Wednesday, July 7, 2010
The Best Mourning I Ever Had
The Best Mourning I Ever Had
“Blessed are those who mourn, for they will be comforted.”
Last week, we buried a patriarch in my family. Although not biologically, he was the only grandfather figure many of us had the chance to really know and grow up with. It was a strange sort of home-going process, in that genuine mourning was terribly stifled. We have a very big family, therefore we experience saying farewell all too often to our loved ones. We have come accustomed to the process of anticipating the sting and stillness of death, the onset of grief, the dutifulness of interment arrangements and the ultimate reality of emptiness felt by the dearly departed. But again, this time… it was strange.
You see, many of us allowed the troubling of his extended family to dismay our hearts and genuine feelings toward him. Their intentions to weary us with senseless bickering, disputes, accusations and threats hardened many of our hearts to the point the natural course of mourning could not take place. Myself, just as guilty as all the rest, was terribly torn from good memories and tormented by his deeds committed during his late, ailing age. The mistreatment and endued hardships placed on our beloved matriarch and all she has and knows crippled even my ability to recall the reasons why she loved him, we grew to love him, and in spite of any of his faults, the community at large loved him.
I remember learning the BEATTITUDES in Sunday school. This lesson was taught to a great multitude of followers of Jesus. When he saw the crowd in all their vastness, he went on a mountainside and sat down with his disciples and taught them what is traditionally known at the Beatitudes. Vs. 3-6 “Blessed are the poor in spirit, for theirs is the kingdom of heaven. Blessed are those who mourn, for they will be comforted. Blessed are the meek, for they will inherit the earth. Blessed are those who hunger and thirst for righteousness, for they will be filled.” There is a continuing litany of these in Matthew 5. As a child, I often wondered, why is this attitude so great? Blessed are the poor, mourning, meek and hungry? What? This is the great thing about learning as a child; you get it when you grow up.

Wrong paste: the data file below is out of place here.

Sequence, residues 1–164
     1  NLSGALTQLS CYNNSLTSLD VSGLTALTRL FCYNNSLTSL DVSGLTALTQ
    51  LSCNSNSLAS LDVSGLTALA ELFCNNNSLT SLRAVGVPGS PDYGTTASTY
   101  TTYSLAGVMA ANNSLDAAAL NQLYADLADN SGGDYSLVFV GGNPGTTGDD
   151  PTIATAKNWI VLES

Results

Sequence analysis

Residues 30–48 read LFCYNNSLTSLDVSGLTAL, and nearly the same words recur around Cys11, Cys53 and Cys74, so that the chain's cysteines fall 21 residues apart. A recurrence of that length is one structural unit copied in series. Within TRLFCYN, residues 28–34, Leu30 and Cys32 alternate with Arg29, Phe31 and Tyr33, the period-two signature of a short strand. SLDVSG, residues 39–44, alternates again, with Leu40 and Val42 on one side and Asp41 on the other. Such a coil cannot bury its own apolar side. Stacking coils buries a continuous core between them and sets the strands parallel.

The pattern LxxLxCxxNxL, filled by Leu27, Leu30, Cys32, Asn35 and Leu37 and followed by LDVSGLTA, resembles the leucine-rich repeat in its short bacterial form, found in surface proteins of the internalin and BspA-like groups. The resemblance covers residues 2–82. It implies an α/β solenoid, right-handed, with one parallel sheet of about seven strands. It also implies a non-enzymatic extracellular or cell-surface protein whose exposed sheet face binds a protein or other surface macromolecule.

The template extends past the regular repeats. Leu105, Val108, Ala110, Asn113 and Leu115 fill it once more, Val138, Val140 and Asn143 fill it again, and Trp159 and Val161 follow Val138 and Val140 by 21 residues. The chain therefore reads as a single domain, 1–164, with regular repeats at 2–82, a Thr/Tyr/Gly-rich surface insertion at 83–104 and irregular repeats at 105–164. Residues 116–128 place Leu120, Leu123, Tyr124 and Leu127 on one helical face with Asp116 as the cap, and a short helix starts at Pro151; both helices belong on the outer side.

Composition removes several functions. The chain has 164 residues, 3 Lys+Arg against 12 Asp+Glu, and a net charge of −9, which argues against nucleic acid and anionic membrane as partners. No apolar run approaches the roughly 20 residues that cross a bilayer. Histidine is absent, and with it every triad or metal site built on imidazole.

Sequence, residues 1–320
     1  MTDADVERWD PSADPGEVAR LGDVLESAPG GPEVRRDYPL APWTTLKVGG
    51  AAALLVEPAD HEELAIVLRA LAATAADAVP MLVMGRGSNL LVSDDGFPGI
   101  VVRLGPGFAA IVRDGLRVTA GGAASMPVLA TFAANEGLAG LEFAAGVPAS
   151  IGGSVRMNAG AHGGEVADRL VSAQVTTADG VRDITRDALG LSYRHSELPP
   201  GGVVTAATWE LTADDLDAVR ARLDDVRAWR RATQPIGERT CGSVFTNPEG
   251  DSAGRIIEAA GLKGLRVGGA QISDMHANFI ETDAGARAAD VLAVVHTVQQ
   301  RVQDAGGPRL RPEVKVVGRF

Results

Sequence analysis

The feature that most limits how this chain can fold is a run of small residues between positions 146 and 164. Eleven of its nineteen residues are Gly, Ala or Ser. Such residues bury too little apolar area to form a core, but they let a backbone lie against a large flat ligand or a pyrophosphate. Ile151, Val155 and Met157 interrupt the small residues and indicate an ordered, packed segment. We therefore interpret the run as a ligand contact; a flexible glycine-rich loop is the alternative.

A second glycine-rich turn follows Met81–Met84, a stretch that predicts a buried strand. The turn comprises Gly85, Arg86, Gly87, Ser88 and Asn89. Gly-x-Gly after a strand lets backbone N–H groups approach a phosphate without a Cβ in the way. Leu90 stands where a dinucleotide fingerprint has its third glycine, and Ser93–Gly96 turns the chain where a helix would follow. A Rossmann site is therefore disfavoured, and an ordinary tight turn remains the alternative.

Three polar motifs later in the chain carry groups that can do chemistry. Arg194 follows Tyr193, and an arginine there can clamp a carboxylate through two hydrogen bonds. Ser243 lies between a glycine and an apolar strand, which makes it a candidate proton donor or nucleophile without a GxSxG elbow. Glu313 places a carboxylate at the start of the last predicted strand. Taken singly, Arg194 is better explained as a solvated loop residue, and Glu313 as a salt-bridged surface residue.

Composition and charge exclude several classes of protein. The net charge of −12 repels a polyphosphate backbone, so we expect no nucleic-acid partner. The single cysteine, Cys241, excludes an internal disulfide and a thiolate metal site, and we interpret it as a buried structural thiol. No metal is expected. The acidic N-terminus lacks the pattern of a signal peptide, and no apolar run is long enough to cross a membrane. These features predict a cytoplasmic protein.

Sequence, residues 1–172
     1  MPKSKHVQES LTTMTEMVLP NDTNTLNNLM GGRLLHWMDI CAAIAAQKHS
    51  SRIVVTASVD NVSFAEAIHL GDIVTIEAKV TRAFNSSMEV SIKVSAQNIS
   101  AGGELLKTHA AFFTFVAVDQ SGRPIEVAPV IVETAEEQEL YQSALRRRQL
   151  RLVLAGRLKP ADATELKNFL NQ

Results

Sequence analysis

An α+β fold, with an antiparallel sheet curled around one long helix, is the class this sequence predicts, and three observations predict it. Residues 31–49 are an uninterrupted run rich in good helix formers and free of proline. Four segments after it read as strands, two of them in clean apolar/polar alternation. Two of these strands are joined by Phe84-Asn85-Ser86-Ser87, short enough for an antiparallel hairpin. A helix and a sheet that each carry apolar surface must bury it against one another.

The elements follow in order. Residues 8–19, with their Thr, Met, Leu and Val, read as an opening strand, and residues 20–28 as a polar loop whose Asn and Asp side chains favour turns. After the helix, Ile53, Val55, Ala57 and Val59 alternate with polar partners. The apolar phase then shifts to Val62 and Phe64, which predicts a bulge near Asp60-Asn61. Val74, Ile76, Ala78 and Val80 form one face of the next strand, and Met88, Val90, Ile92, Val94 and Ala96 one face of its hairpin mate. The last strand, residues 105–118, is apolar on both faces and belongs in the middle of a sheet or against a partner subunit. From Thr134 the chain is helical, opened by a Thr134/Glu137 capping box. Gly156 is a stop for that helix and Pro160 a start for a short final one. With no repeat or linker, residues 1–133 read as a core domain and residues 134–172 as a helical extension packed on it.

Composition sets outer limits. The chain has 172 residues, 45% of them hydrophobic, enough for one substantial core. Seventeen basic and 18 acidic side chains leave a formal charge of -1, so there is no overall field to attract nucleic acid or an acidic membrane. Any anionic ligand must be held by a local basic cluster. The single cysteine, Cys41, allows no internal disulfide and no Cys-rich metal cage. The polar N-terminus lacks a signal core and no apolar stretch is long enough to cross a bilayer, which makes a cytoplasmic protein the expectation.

Often times, even as adults, we struggle with the Word of God. We ask, what does this or that mean? Then, because we don’t get it, we determine it doesn’t make real sense. Well I am here to tell you, as a thirty year old woman, born and raised in the church, educated both theologically and intellectually, I didn’t get it! However, one day, as I approached the casket of the man who served as my grandfather for more than eighteen years, I got it. I hadn’t allowed myself to feel one bit of remorse until I realized, he was really gone. It bothered me that I had little to no emotion, even after writing his obituary and consoling his related family. I looked around and saw so many of my cousins, aunts, uncles and the like. I saw they were torn too. They, like me, so stifled by deliberate hurt and pain, could not express that they did love him and would miss him, however great or small. It was then, for what it was worth, I began to weep. Initially, I even tried to control it, for fear my family might judge me for such an outburst of emotion in such an awkward situation. Then I thought, they might just think it’s because I am pregnant, or because I am a minister. But I confess, I just simply mourned. Even now, I weep in remembrance and feel once again God is honoring his promise to me, “Blessed are those who mourn, for they will be comforted.” After that, I felt a great healing. Not just from our loss, but from all the various situations which had taken place over the past months and years. I was comforted.
The last Beatitude is found in verse 11-12, “Blessed are you when people insult you and falsely say all kinds of evil against you because of me. Rejoice and be glad, because great is your reward in heaven, for in the same way they persecuted the prophets who were before you.”
Therefore, it is my personal goal to not allow any manor of man to keep me from receiving the blessings freely given by God. I was not the first to be dealt with unkindly and I will not be the last. But surely, I can let my attitude be better, for my reward is greater. My encouragement to you is to let your reward be great, let your heart be comforted, and let not your heart be troubled. Someday, you may have to mourn with those who cannot. Here’s to the best mourning I ever had!